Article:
Demand for Office Space Sinks Below Half of its Pre-Pandemic Pace As Summer Comes to a Close

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As summer came to a close, new demand for office space fell for the third consecutive month in August, sinking below half of its average pre-pandemic pace, according to the latest VTS Office Demand Index (VODI) analysis. The national VODI fell by 6 VODI points, or 11.5 percent, from 52 in July to 46 in August, its lowest level since February 2021.

A VODI of 50 or below indicates the flow of new tenants seeking office space is running at less than half of its pre-pandemic pace in 2018 and 2019. The VODI tracks unique new tenant tour requirements, both in-person and virtual, of office properties in core U.S. markets, and is the earliest available indicator of upcoming office leasing activity as well as the only commercial real estate index to explicitly track new tenant demand.

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Year-over-year, the national VODI declined 47.1 percent. As noted in recent VODI reports, the year-over-year decline is not concerning in and of itself, because it reflects last year’s so-called Post-Vaccine Wave of new office demand. In that wave, demand for office space that was pent-up during earlier stages of the COVID-19 pandemic entered the market in a short amount of time, resulting in a temporary burst of new demand in late spring and summer 2021. The large year-over-year declines will temper as the Post-Vaccine Wave fully recedes behind the 12-month mark in October.

“A summer slowdown is typical for office demand, but what remains to be seen is if this downward trend will continue or if we’re simply settling into a new ‘post-pandemic normal’ for office demand levels,” said Nick Romito, CEO of VTS. “Economic concerns, particularly around inflation and rising interest rates, have created a cloud of uncertainty that’s hanging over the office leasing market. Until the economic outlook becomes more clear, some employers may continue to delay or approach the search for office space with caution.”

Locally, all but one market analyzed (Washington, D.C.) reported a decline in August, with New York City, Los Angeles, and Seattle experiencing the largest drops, down 22.8 percent, 14.1 percent and 13.7 percent, respectively. Boston, Chicago, and San Francisco saw modest declines.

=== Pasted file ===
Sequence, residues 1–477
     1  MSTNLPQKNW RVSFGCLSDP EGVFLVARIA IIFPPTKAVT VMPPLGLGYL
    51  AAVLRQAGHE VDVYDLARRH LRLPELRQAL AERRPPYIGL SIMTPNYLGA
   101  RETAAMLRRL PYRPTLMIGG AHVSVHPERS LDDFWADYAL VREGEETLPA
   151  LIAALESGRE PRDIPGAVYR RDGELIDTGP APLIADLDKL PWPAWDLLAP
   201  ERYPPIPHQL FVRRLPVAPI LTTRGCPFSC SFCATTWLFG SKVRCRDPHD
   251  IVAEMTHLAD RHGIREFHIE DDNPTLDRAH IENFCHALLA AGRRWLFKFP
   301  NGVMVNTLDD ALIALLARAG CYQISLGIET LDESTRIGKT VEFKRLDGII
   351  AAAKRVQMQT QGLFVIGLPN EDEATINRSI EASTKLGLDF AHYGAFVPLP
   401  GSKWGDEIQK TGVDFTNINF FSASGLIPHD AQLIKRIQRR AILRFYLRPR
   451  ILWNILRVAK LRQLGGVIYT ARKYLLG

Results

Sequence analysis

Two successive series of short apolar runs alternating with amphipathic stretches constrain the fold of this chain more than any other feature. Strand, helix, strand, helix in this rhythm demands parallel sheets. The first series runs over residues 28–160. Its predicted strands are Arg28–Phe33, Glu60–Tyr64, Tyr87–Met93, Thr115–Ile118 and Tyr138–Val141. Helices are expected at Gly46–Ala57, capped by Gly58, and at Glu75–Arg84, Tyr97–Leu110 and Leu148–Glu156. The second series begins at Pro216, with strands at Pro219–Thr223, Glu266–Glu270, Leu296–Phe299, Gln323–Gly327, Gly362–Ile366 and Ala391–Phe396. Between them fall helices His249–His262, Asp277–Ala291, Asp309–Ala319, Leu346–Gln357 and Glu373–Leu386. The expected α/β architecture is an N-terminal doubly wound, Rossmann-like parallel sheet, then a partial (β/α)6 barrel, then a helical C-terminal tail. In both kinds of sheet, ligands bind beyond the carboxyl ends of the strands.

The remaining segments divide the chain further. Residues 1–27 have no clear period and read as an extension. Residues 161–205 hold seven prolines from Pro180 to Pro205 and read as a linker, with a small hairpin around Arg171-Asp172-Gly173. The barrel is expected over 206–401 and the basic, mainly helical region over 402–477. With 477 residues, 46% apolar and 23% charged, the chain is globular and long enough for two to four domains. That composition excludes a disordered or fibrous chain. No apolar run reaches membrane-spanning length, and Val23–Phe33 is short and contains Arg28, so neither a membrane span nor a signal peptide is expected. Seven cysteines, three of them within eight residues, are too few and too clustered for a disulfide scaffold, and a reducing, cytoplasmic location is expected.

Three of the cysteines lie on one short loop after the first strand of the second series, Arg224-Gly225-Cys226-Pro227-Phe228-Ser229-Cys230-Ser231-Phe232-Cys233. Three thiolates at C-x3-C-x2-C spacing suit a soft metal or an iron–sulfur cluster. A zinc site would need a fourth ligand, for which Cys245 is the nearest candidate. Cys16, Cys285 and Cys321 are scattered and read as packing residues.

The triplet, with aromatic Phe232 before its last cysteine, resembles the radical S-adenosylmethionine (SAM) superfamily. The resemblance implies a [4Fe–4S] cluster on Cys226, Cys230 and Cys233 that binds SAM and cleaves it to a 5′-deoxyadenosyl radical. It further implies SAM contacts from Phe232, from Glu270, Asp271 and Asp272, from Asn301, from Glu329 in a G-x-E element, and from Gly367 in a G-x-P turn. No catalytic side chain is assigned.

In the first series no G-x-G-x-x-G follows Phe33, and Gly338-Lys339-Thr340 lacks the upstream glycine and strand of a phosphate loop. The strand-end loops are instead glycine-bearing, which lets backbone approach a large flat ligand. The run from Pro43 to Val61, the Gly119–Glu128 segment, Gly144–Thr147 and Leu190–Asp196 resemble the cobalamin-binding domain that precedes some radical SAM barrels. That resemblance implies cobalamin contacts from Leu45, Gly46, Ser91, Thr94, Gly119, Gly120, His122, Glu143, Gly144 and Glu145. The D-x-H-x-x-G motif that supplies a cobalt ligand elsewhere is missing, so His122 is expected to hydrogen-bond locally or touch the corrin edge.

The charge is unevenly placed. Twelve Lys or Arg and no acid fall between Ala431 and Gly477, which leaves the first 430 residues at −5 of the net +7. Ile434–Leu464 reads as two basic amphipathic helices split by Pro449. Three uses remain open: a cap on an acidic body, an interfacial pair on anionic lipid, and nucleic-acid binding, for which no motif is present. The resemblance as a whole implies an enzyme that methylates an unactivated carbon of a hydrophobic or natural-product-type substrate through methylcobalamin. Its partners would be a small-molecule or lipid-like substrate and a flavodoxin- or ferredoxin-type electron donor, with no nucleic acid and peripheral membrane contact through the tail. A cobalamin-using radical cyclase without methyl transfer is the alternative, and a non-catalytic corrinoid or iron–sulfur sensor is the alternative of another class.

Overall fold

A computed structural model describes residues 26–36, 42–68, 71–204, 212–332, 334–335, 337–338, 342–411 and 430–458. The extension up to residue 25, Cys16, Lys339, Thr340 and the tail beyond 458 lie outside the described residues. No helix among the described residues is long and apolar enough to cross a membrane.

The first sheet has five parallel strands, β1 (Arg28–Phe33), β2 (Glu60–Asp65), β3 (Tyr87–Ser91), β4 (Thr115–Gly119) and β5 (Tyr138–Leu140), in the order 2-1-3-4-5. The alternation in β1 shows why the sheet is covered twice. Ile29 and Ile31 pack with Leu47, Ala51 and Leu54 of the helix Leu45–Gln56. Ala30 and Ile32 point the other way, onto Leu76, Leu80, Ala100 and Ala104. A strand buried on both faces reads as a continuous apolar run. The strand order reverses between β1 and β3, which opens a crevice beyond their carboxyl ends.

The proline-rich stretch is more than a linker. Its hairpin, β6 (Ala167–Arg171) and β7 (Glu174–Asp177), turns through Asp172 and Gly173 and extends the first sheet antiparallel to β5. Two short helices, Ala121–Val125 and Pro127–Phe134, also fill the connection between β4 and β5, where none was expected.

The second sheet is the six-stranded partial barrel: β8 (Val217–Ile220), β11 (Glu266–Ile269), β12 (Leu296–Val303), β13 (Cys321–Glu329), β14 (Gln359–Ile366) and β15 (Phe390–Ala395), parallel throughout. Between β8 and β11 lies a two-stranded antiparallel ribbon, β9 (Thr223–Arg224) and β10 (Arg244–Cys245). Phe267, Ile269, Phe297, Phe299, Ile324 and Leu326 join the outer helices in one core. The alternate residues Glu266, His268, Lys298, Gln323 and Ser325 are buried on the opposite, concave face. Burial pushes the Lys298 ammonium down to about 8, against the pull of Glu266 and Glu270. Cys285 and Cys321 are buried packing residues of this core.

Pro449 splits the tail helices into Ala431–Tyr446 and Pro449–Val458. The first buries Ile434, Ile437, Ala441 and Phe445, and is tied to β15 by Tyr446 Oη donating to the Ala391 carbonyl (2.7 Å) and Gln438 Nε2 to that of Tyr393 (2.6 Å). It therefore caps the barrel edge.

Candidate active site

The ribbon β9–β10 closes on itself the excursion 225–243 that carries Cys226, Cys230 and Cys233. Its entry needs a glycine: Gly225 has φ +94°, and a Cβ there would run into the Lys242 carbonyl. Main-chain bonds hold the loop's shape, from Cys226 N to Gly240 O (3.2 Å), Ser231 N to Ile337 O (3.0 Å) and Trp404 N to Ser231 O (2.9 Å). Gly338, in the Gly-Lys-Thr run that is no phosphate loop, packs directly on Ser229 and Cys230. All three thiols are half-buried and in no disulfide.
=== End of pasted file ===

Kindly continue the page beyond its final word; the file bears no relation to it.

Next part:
Over the last three months, new demand has fallen most in New York City, Chicago, Boston, and Los Angeles, where office-using employment is relatively concentrated in the finance, insurance, and real estate (FIRE) sector. These industries are particularly sensitive to rising interest rates, which aligns with the decline in new office demand being sharper in those cities. Another factor potentially fueling the greater VODI declines in these cities is the typical client size and adaptability to work from home. These cities’ expected pool of new tenants tends to include many larger employers, who may be adapting to new work-from-home realities slower than smaller, more nimble employers (for more detail, see this month’s VODI report).

“New York City’s office leasing market is facing challenges on multiple fronts as a home to not only a higher density of FIRE sector industries, but larger employers as well,” said Ryan Masiello, Chief Strategy Officer of VTS. “Rather than quantity, there could be a flight to quality happening in the city again, meaning demand for higher-end office space is more robust. The share of Trophy and Class A tours has climbed from 71.2 percent in June to 76.9 percent in August, reflecting a resilience of quality leasing in the market.»

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